“It turns out the same kind of physics can happen on vastly different length scales,” Chin explained. “That’s the power of physics.”

But there is an important difference – and one that works greatly to our advantage:

“It took the whole universe about 380,000 years to evolve into the CMB spectrum we’re looking at now,” Chin said. But the physicists were able to reproduce much the same pattern in approximately 10 milliseconds in their experiment. “That suggests why the simulation based on cold atoms can be a powerful tool,” Chin said.

If you want, you can think of the Big Bang in oversimplified terms as an explosion which made a big BOOM! These sound waves began interfering with each other creating complicated patterns – the so-called Sakharov acoustic oscillations.

“That’s the origin of complexity we see in the universe,” he said.

This is indeed a powerful tool to find out more about our infant universe, but this is just the first step. Chin and his team plan to move on to use these Sakharov oscillations to study the property of this two-dimensional superfluid at different initial conditions, then cross check their results with what is observed by cosmologists. They will use the same type of experiment but branch out to other fields of cosmology, including the formation of galaxies and even black hole dynamics.

“We can potentially use atoms to simulate and better understand many interesting phenomena in nature,” Chin said. “Atoms to us can be anything you want them to be.”

Interestingly enough, nobody on this team was a cosmologist.

Journal Reference: C.-L. Hung, V. Gurarie, C. Chin. From Cosmology to Cold Atoms: Observation of Sakharov Oscillations in a Quenched Atomic Superfluid. DOI: 10.1126/science.1237557

Cosmic microwave background seen by Planck

Map of the earliest recorded light paints broad picture of the ancient Universe

Cosmic microwave background seen by Planck

Cosmic microwave background seen by Planck. (c) ESA

Using the incredible  Planck cosmology probe astronomers at the European Space Agency have assembled a map of the “oldest light” in the sky – the cosmic microwave background (CMB) that was thrown into space in all directions just a few hundred thousand years after the Big Bang and which is still picked up here on Earth today.

What’s exciting about the map is that it confirms the current fundamental “cosmological inception” theory – the Big Bang theory. However there are some features and ideas that need to be refined and rethought as a result of the findings. For instance, according tot the new Planck all-sky map, the Universe is  13.82 billion years or 50 million years older than previous estimates. Also, there seems to be more matter (31.7%) and slightly less “dark energy” (68.3%) – the mysterious force that drives the Universe apart and causes an accelerated expansion.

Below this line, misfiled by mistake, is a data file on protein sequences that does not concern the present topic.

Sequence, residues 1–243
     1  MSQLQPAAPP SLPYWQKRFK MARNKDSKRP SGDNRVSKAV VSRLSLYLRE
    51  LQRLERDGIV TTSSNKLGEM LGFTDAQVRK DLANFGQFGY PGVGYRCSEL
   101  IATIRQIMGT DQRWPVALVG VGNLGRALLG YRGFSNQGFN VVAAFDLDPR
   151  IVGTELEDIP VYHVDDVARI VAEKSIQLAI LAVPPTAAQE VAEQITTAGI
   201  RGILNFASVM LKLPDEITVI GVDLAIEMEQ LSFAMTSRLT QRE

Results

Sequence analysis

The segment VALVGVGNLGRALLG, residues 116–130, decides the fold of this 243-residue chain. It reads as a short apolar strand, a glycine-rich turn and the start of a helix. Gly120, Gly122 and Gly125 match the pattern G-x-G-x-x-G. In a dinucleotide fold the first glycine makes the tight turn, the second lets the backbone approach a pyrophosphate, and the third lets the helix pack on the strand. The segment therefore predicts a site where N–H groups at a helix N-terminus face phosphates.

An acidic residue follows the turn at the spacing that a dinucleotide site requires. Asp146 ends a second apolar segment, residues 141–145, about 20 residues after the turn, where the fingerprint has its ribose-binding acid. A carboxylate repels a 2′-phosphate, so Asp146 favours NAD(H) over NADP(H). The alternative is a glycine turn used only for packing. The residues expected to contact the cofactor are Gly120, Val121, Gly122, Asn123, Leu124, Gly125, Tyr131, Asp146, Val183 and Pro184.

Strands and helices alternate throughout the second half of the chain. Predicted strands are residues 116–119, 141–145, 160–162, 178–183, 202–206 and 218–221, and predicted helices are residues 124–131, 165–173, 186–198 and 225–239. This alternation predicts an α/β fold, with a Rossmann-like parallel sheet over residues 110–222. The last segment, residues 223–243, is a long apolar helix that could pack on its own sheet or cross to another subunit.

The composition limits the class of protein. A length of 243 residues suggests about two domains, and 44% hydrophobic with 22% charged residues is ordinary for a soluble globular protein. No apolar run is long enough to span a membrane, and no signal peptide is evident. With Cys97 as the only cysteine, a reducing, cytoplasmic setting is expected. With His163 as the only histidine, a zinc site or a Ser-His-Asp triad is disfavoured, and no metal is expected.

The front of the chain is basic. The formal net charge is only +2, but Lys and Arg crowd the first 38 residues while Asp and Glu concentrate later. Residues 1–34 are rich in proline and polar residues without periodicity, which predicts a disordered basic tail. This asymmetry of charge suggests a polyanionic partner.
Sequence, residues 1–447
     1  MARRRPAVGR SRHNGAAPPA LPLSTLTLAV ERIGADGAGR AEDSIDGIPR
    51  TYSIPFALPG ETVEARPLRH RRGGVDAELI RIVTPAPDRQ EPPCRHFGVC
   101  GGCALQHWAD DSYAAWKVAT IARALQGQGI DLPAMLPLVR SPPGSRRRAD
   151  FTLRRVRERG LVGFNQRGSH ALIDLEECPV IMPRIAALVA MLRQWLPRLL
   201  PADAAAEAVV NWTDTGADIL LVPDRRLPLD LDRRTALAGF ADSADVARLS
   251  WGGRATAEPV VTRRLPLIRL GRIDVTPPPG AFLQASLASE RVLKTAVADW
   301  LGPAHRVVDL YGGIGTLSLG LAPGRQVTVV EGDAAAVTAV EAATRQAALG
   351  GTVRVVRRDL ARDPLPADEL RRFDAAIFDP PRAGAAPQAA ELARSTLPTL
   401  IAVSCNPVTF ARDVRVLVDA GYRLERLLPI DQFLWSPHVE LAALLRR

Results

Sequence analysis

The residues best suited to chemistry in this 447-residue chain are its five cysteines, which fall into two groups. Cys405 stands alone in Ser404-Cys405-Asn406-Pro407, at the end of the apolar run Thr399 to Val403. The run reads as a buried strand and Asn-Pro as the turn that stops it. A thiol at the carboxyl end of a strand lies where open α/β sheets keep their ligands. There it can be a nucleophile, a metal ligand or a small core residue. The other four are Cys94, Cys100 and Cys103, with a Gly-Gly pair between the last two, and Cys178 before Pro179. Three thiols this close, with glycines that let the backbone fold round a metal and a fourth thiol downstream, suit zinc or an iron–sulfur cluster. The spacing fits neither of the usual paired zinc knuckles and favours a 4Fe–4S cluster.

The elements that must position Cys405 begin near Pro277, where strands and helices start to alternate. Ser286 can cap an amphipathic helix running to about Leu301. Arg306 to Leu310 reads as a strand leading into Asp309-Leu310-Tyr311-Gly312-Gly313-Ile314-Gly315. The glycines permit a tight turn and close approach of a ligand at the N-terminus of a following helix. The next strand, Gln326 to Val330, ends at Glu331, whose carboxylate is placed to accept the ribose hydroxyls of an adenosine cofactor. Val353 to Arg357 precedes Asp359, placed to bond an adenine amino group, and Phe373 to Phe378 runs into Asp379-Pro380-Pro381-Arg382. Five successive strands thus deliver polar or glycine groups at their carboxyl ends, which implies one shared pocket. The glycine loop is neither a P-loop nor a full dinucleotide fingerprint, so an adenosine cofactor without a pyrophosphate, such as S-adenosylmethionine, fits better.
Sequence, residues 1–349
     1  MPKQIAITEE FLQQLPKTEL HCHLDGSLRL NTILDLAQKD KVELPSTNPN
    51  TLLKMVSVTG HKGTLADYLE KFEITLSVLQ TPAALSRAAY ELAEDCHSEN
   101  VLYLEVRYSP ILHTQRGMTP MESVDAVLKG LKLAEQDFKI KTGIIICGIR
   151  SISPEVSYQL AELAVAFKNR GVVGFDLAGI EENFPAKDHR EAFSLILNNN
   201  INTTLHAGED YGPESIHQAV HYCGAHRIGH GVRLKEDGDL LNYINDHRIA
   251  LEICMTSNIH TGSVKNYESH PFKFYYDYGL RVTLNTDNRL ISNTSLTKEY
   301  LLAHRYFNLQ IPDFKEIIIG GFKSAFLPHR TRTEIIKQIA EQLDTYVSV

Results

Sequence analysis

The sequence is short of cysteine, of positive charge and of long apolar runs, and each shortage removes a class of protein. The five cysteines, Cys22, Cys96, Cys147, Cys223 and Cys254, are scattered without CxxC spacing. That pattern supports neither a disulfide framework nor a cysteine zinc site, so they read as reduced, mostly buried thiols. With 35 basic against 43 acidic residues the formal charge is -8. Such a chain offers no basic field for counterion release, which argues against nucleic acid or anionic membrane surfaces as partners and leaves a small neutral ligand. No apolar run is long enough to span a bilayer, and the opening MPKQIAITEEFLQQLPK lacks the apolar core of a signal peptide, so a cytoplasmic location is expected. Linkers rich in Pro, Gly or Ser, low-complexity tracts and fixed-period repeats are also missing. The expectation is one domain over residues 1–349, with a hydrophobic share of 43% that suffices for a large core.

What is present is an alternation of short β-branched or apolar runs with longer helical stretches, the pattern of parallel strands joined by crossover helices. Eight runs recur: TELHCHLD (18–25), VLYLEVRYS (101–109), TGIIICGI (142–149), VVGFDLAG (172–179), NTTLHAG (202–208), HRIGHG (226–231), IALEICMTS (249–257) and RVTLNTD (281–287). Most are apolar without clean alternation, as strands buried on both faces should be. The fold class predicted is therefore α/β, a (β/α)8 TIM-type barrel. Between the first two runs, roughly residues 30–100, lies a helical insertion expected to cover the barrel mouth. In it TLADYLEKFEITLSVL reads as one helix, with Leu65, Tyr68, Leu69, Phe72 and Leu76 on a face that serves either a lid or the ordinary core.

The trace the map, cosmologists studied the CMB – light that was allowed to escape after the early Universe cooled down to allow the formation of hydrogen atoms some 380,000 years ago. By studying temperature fluctuations of the CMB –  seen as mottling in the map – scientists can better assess their current theoretical models with actual data on anomalies, since these fluctuations are thought to actually  reflect the differences in the density of matter when the light first escaped. These ripples are thought to have given rise to today’s vast cosmic web of galaxy clusters and dark matter.

anomaliesWhile some statistical analysis isn’t on par with data provided by the Planck map, cosmologists should rejoice as the news that their fundamental theories reflect reality. Especially those relating to the birth of the Universe, which is thought to have started as hot, dense state in an incredibly small space, and then expanded and cooled.

A cosmic baby picture

Other projects like the Cosmic Background Explorer and the Wilkinson Microwave Anisotropy Probe have provided earlier drafts of the “baby Universe”, however the map obtained from data gathered by the $900 million (€700 million) Planck probe launched in 2009 is the most detailed yet.

“The extraordinary quality of Planck’s portrait of the infant Universe allows us to peel back its layers to the very foundations, revealing that our blueprint of the cosmos is far from complete. Such discoveries were made possible by the unique technologies developed for that purpose by European industry,” says Jean-Jacques Dordain, ESA’s Director General.

“Since the release of Planck’s first all-sky image in 2010, we have been carefully extracting and analysing all of the foreground emissions that lie between us and the Universe’s first light, revealing the cosmic microwave background in the greatest detail yet,” adds George Efstathiou of the University of Cambridge, UK.

What also came as a surprise was a rather discrepant anomaly. Apparently, there’s an asymmetry in average temperature distribution across the Universe, as the southern sky hemisphere is slightly warmer than the north. Another significant anomaly is a cold spot in the map, centred on the constellation Eridanus, which is much bigger than would be predicted.

Nevertheless, cosmologists which have been dreaming about such a map for decades will now have their work cut out for them. Armed with this map, they now have the necessary resources or at least another tool at hand to prove or disprove some of the most controversial theories in cosmology today, like those discussing the rapid and far-reaching inflation of the Universe in its first moments from inception or the claim that there are six or seven spatial dimensions in addition to the three we perceive.

source: ESA